Green Power Costs

Greg Galitzine : Green Blog
Greg Galitzine
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Green Power Costs

I love contrarians because they make think. One great example comes by way of Margaret Wente's recent column in the Globe and Mail on the Province of Ontario's announcement of $8 billion worth of green energy initiatives (i.e. subsidies) on top of $7 billion already promised. Among her points:

*      The province will pay solar producers "around 80 cents a kilowatt hour for the power they sell back to the grid. That's about 15 times more than the current spot price that consumers now pay for power. The difference will eventually show up on their electricity bills. In solar terms, Toronto is not exactly Southern California. Even there, nobody has figured out how to make solar power cheap." 

*     "Green-energy advocates say the extra cost is worth it. Renewable energy will reduce our use of fossil fuels, cut down on greenhouse-gas emissions, and bolster the economy by kicking off a new era of green jobs.  

"Don't bet your solar panel on it. Renewables simply can't produce the large volumes of reliable energy that our economy needs. 

"These energy sources are so intermittent and unreliable that you have to have backup power at all times," says Prof. Trebilcock (Michael Trebilcock, a professor of law and economics at the University of Toronto). "For every wind farm we build, we'll have to have a coal or gas-fired power station waiting in the wings to take over when it's 20 below. I think we'll get next to nothing on carbon dioxide abatement."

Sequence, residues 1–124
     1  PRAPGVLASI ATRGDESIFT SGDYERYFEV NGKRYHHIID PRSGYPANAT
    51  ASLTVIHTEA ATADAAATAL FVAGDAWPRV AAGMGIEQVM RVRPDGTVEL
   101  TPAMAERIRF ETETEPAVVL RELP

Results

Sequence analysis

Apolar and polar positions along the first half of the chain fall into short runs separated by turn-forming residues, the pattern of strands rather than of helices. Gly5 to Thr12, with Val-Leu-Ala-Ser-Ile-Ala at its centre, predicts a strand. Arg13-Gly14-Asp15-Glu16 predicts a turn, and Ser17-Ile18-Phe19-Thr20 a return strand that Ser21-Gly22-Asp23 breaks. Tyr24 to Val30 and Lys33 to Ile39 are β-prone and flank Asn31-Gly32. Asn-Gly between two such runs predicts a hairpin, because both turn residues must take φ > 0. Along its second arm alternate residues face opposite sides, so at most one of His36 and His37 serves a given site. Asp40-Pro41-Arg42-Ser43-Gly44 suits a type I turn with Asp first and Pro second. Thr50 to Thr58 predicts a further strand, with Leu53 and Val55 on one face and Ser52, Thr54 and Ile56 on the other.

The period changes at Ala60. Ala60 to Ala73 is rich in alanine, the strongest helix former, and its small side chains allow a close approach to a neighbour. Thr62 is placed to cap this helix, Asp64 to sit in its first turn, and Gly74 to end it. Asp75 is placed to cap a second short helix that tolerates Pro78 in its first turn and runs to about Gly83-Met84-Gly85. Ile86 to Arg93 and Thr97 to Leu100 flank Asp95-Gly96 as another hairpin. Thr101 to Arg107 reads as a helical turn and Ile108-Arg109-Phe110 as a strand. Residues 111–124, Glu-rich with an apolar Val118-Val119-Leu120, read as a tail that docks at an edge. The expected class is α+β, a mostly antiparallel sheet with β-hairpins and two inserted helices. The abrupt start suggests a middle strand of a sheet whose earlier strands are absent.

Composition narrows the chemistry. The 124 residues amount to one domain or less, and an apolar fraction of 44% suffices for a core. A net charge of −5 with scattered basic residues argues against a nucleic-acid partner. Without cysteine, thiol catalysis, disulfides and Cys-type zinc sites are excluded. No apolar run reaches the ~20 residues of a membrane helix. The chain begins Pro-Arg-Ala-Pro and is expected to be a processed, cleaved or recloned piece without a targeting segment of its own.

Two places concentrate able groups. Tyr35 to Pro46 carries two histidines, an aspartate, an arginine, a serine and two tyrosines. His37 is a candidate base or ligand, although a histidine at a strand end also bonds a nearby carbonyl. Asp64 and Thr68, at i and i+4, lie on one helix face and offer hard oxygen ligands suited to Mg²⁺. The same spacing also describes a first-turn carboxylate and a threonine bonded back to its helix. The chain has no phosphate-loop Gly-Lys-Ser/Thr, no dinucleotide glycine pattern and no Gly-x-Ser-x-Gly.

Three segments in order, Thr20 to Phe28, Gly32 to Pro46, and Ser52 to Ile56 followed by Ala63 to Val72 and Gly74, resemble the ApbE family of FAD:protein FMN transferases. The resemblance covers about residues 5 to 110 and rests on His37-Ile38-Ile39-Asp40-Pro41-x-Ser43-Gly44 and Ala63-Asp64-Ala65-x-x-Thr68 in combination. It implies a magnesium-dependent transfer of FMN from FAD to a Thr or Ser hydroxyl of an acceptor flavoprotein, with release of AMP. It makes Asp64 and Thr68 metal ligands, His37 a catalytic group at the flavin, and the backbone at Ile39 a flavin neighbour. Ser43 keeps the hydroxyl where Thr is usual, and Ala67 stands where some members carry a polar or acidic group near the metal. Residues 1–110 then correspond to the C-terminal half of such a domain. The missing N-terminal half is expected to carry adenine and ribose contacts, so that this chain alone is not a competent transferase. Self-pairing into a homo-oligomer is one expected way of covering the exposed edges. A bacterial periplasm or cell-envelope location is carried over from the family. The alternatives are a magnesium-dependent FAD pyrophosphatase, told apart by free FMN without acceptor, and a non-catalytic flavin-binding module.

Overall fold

*     "George Monbiot, the environmental firebrand in Britain, which has just introduced its own subsidy scheme" says that "Germany has spent €1.2-billion on solar roofs. Their total contribution to the country's electricity supply was 0.4 per cent. Their total contribution to carbon savings is zero. "

Ms Wente and Mr. Monbiot may be right. The "green" costs don't include the vast amount of land needed for solar panels--unless you build one on every existing rooftop--to produce the same energy as a compact natural-gas-fired steam or supplemental combined heat-power gas-turbine generator. Then there's the land and costs for transmission and distribution systems to connect them to grids.

The answer to green power lies with most every other environmental issue: add in all the attributable direct and indirect costs including land consumption, pollution and health costs into the energy bills, and factor in peak-period-pricing and both users and generators and distributors will get smarter, and cleaner.


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